May 16, 1981: Policy of "constructive engagement" instead of "confrontation" with South Africa is announced by the Reagan administration. The State Department says the policy "represents above all the reality that there is a limit on the U.S. capacity to use negative pressure to achieve policy results in South Africa." A senior State Department official says the new approach is to "positively support that which one wishes to see, both by word and deed."
Sept. 16, 1981: Chester A. Crocker, assistant secretary of state for African affairs, says in testimony before the House subcommittee on Africa: "In South Africa, it is not our task to choose between black and white, but rather to foster conditions in which all South Africans can more fully share and participate in the economy and political process. We seek through our policies neither to destabilize South Africa nor align ourselves with apartheid policies that are repugnant to us."
June 5, 1985: The House votes 295 to 127 to impose new sanctions on South Africa in an attempt to force an end to apartheid. Fifty-six Republicans join 239 Democrats in approving the measures. The House bill would ban new loans to, and investment in, South Africa; stop the sale of computers and computer parts to its government, and halt imports of South African gold coins. The bill would permit a one-year waiver of the bans on new investment and coin imports if the president determined, and Congress agreed, that South Africa had met at least one of eight conditions in the bill.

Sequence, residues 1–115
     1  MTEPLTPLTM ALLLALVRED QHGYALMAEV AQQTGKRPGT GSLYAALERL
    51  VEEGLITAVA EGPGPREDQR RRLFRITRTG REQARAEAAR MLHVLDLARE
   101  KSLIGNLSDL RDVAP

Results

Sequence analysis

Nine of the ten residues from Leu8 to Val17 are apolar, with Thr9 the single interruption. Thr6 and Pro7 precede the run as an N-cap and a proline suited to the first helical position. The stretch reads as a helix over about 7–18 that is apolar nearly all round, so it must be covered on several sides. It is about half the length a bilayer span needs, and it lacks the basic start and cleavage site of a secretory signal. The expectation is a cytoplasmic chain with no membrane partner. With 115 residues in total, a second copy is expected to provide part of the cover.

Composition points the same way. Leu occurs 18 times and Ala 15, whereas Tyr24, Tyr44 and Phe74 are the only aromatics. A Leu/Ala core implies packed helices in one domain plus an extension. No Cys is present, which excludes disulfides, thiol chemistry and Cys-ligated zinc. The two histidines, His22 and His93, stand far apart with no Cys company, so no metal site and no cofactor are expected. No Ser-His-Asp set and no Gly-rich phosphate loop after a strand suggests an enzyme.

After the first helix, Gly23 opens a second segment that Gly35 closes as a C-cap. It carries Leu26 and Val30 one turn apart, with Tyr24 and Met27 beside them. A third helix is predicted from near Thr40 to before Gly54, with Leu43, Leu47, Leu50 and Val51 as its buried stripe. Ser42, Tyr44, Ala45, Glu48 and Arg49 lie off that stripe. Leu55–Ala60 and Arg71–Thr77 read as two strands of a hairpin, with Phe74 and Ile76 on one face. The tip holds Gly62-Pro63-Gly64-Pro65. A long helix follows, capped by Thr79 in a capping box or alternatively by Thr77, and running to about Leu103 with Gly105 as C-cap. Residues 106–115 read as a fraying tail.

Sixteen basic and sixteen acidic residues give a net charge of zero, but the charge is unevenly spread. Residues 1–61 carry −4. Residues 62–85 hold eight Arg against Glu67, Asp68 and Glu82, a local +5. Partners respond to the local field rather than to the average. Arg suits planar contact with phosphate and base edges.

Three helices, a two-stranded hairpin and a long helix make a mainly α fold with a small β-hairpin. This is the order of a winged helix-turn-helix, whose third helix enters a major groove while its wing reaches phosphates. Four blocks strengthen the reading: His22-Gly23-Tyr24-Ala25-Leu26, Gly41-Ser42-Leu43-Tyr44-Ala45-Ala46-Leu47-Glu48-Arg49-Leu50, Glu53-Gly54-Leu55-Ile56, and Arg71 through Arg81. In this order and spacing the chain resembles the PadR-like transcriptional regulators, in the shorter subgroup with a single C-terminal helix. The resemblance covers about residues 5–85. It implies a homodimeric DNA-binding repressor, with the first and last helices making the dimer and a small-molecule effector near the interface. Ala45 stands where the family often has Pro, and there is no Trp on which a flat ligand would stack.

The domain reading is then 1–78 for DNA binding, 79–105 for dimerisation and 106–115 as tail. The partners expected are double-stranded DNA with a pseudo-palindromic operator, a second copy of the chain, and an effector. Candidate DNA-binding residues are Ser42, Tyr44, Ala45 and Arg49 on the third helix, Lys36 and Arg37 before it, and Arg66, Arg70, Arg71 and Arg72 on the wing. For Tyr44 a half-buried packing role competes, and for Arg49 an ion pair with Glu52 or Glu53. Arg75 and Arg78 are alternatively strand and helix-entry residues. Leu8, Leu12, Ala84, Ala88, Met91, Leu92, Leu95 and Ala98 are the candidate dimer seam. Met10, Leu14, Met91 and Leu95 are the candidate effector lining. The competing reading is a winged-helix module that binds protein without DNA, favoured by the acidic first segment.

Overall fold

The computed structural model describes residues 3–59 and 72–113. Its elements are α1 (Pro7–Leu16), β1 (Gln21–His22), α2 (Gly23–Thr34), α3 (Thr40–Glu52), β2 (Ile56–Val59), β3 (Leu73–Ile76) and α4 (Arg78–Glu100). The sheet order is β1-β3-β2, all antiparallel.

July 11, 1985: The Senate approves its antiapartheid bill, 80 to 12. It includes a ban on new U.S. bank loans and exports of nuclear technology and further curbs on computer sales to South Africa. U.S. firms operating in South Africa would be required to "take an active role" in opposing apartheid, and firms with more than 25 workers would have to observe a stricter version of the Sullivan principles, which mandate pay raises, desegregation and promotions for blacks. Stiff sanctions could be imposed within 18 months of the bill's enactment unless the South African government made progress toward ending apartheid.
Sept. 9, 1985: President Reagan signs an executive order on South Africa incorporating some of the economic sanctions contained in the congressional antiapartheid bills. The order bars all computer exports to security forces and "agencies involved in the enforcement of apartheid"; bans loans to the South African government, with certain exceptions, and prohibits exports of nuclear goods and technology, with certain exceptions. Reagan also encourages, but does not mandate, U.S. firms' adherence to the Sullivan principles, and directs the secretary of state and U.S. trade representative to consult with trading partners about a ban on imports of gold coins.
June 18, 1986: By voice vote, the House approves legislation offered by Rep. Ronald V. Dellums (D-Calif.) requiring the withdrawal of all U.S. firms operating in South Africa. The measure would require total U.S. disinvestment 180 days after enactment, and impose a trade embargo against South Africa except for key minerals needed by the American defense industry.